The Maya invention of hydraulic cement predated the patent for Portland cement in 19th century England by 1500 years. This enabled the construction of cast in-place concrete structures to build the Mayan great high-rise cities. This durable material allowed the structures to withstand the ravages of time and the environment. They resisted the forces of earthquakes, hurricanes, and prying jungle growth to enable their survival after 2000 years. The grand buildings towering over the rainforest, the infrastructure of the large cities, water reservoirs, paved roads and long span bridges were made possible through the use of cast in-place concrete in unique structures built by creative Maya engineers.
Mayan cement was produced using native materials in combination with an ingenious firing kiln process. The cement kiln was constructed of timber components. The top of the kiln supported the limestone raw material. The timber served as fuel to produce the high temperatures required for the chemical conversation of limestone into cement “clinkers.”
With their ingenious design of the cement kiln the Maya developed a thermodynamic reactor that emulated the modern blast furnace. The kiln assembly was configured in a circle of approximately ten meters in diameter; the height of the kiln was approximately four meters. A circular open shaft was located in the center of the kiln. The kiln assembly was elevated above the ground to permit the free flow of cool, oxygen-rich air from the exterior of the kiln into the low pressure of the open shaft, thus increasing the temperature. A windless day would be chosen for the burn and the kiln would burn for about 48 hours.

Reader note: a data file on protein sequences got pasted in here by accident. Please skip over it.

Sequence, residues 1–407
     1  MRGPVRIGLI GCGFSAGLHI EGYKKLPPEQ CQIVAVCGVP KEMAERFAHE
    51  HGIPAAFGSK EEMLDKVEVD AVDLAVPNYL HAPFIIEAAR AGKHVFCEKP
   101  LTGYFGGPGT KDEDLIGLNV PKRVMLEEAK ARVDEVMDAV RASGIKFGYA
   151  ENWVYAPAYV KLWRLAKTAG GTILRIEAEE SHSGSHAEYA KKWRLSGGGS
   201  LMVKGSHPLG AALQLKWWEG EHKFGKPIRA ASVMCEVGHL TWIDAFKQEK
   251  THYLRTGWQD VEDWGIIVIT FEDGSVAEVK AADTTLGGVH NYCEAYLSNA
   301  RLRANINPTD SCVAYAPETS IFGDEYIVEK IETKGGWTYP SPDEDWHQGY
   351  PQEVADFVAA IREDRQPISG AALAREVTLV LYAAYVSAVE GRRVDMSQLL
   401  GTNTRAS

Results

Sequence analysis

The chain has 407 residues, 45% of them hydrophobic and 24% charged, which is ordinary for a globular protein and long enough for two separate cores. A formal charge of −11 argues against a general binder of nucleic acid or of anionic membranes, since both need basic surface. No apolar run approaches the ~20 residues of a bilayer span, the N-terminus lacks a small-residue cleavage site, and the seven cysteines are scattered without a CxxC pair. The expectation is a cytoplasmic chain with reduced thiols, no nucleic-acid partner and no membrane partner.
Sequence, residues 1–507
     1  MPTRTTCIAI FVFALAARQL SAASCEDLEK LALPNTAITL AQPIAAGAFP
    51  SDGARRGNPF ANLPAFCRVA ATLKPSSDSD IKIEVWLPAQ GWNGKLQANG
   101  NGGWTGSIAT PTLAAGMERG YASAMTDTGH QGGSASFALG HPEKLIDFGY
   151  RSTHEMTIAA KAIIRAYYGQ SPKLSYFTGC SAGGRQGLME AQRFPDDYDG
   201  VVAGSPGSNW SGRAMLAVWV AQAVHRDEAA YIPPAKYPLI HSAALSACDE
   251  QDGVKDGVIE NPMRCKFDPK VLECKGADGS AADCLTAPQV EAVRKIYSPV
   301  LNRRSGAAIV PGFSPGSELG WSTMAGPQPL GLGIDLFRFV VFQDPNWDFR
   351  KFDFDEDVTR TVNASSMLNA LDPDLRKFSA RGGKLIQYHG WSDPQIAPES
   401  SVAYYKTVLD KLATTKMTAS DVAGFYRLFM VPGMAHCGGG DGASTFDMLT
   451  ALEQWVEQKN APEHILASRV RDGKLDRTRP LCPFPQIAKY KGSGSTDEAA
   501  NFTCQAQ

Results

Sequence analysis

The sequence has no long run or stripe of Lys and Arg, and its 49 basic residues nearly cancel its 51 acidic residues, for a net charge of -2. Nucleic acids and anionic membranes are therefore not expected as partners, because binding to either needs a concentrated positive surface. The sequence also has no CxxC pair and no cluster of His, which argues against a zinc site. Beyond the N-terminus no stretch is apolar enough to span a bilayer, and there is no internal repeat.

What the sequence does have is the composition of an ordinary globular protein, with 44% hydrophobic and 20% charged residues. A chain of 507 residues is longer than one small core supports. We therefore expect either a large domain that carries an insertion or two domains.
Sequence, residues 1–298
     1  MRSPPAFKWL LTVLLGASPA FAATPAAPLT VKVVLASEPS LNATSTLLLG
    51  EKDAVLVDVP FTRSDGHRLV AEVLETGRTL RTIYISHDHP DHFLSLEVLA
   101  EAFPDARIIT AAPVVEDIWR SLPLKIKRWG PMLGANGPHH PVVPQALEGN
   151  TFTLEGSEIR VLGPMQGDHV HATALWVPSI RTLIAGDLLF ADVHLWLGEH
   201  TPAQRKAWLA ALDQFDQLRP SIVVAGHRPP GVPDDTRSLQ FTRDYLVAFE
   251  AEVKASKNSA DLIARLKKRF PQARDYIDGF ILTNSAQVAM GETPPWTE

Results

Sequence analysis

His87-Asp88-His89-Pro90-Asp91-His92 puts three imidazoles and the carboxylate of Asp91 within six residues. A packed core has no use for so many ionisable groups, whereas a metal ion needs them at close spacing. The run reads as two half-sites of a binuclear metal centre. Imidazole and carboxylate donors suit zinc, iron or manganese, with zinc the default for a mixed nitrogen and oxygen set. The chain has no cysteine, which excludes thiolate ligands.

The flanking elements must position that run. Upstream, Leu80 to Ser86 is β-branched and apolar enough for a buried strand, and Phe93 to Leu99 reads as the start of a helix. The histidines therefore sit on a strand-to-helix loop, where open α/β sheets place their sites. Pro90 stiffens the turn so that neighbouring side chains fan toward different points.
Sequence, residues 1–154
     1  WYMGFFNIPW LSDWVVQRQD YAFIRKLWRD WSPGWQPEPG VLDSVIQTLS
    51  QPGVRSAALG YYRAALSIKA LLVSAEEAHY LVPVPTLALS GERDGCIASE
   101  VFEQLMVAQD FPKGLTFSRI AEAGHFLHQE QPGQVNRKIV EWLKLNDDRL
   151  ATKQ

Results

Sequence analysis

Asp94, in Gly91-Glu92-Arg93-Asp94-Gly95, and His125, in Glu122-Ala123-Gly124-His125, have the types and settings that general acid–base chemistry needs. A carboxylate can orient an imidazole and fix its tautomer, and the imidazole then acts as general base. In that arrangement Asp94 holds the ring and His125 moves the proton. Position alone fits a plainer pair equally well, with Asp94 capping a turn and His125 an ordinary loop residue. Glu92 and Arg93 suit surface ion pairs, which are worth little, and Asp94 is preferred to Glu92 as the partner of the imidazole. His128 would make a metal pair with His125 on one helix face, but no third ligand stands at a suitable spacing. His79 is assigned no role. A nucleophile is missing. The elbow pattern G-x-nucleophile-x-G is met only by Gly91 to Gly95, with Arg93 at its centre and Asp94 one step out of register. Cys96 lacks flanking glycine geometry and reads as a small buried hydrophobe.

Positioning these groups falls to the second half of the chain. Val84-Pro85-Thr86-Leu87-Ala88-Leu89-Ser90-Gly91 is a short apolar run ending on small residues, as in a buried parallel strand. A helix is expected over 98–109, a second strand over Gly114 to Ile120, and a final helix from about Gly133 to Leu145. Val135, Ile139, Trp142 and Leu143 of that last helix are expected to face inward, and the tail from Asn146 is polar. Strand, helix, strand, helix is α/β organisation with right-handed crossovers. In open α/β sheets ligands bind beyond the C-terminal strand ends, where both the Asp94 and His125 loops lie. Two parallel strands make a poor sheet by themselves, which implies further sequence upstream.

The fire was initiated at the bottom of the center shaft. Heated air from the fire flowed rapidly upward through the fire shaft. The heat of the fire and the upward movement of heated air created a negative pressure zone at the center of the kiln. This low-pressure zone drew large amounts of oxygen-rich fresh air from the exterior into the center. The inflow of oxygen-rich air increased the heat of combustion and increased the temperature of the air flowing upward in the vertical shaft. This cycle of superheated air interfaced with the limestone on the top to initiate the chemical process of conversion into cement. The temperatures developed by this Mayan blast furnace reached temperatures of 1400 to 1600 degrees Celsius. During this process, chemical change was induced and the limestone converted into cement clinkers. The process produced hydraulic cement. Hydraulic cement reacts with water to form calcium silicate hydrate crystals. The tentacle-like growth of these crystals, when mixed with water, creates an interlocking interface with aggregate to produce cast in place concrete.
Mayan engineers enhanced their concrete technology by improving the properties of their cast in concrete through the addition of admixtures to improve the quality of the concrete. These admixtures included latex and the juice of the morning glory vine.